Worse, these horrors are not born of incompetence or even mere callous insouciance. They are an intentional act of political terror by our government, perpetrated against some of the most vulnerable and desperate people in the world for purely racist reasons.

“Terror” is a strong word to use, and some might consider it a provocation. But I use it in the most profound and deliberate seriousness.

The Oxford English Dictionary defines terrorism as “the unlawful use of violence and intimidation, especially against civilians, in the pursuit of political aims.” Trump’s separation policy, supported for the worst reasons by his most openly prejudiced advisers including Stephen Miller, fits the bill precisely.

First, it is illegal. Kidnapping children from parents, particularly for profit, is a heinous crime. Abusing asylum seekers is an international human rights violation. Jailing children unnecessarily is yet another crime. All of them are unconstitutional violations of the bill of rights, and they are illegal by law under international treaties signed and approved by Congress.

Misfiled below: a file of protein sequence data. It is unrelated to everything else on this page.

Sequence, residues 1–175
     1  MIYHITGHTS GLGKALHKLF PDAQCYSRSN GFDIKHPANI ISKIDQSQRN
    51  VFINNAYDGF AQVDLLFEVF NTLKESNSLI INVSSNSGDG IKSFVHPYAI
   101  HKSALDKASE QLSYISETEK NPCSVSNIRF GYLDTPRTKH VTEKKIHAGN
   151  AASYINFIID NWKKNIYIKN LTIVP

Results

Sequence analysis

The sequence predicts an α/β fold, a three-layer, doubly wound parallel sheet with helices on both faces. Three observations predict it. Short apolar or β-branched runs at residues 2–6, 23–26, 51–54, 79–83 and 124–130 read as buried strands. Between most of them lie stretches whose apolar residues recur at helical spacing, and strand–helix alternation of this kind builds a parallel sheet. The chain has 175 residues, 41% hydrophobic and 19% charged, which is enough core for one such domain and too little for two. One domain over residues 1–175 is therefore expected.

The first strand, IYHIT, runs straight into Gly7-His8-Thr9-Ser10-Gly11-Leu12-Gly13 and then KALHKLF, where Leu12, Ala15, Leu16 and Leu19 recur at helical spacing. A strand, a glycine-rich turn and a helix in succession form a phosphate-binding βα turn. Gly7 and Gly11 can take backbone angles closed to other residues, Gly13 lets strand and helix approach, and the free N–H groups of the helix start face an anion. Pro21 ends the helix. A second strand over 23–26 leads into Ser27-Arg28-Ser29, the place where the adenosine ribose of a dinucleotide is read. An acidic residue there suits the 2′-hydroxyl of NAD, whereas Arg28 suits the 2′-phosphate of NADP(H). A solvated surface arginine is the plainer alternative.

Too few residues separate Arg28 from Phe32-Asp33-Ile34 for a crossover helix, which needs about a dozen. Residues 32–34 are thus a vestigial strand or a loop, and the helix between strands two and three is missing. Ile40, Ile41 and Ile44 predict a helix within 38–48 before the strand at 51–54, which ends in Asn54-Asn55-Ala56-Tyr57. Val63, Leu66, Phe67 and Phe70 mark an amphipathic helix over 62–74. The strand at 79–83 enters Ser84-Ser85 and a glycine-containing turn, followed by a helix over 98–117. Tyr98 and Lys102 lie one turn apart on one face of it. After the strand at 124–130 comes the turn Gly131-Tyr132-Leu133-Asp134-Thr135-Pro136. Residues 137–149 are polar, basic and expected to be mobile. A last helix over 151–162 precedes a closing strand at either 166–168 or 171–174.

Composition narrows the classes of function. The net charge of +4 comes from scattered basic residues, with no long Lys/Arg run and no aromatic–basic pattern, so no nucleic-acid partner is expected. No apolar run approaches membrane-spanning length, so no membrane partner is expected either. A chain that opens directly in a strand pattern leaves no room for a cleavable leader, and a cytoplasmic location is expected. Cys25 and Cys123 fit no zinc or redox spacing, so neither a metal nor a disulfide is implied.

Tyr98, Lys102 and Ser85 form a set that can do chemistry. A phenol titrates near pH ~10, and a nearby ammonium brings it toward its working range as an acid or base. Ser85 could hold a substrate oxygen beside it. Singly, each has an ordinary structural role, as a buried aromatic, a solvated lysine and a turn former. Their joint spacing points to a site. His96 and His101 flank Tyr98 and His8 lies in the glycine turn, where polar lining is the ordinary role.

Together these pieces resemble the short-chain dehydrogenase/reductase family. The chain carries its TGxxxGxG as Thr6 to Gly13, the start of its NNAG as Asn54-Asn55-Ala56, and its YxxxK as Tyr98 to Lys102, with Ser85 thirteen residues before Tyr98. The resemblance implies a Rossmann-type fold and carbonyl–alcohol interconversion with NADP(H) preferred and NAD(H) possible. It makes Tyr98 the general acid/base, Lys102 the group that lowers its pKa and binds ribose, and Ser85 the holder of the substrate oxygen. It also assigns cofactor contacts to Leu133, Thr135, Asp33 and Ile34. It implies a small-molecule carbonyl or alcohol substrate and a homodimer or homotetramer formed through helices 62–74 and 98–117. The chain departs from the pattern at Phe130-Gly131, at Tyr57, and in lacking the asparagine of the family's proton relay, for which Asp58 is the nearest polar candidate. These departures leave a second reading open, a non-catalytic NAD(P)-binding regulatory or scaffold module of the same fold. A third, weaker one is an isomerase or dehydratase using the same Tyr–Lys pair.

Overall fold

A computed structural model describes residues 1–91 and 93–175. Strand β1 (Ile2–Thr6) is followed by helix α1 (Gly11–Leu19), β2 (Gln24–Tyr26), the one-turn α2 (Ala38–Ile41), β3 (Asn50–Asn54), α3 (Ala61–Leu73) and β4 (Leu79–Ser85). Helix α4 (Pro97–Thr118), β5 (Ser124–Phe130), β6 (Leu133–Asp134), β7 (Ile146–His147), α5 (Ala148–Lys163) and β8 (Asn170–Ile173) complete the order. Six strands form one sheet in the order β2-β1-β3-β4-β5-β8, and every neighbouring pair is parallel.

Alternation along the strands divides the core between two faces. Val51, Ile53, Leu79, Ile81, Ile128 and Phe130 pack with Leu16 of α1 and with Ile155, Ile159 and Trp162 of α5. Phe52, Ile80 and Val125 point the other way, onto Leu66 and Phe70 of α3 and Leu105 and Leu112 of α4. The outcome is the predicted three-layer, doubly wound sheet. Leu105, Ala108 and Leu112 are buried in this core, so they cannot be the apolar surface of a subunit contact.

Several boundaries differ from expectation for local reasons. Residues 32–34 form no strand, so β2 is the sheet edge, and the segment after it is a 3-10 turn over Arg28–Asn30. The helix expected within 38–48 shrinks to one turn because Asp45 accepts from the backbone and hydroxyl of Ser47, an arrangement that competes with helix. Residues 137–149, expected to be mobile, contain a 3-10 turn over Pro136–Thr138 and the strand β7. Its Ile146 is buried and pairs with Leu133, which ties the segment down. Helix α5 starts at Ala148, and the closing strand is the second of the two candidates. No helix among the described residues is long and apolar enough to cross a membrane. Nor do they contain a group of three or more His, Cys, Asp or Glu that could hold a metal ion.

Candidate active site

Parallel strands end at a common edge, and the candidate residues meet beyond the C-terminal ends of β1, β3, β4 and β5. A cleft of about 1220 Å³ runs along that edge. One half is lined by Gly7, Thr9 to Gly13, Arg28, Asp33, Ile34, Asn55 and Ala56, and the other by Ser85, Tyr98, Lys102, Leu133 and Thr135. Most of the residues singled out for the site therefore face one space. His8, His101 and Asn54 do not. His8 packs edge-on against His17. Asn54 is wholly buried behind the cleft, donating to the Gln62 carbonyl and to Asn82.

Second, it is on its face an act of violence. Wailing children were in many cases literally torn from the arms of weeping and fiercely objecting mothers and fathers. In other cases literally reminiscent of Nazi concentration camps, they were taken by deception, the parents told that their children were being simply taken to bathe–not knowing that it might be the last time they would ever touch their loved ones.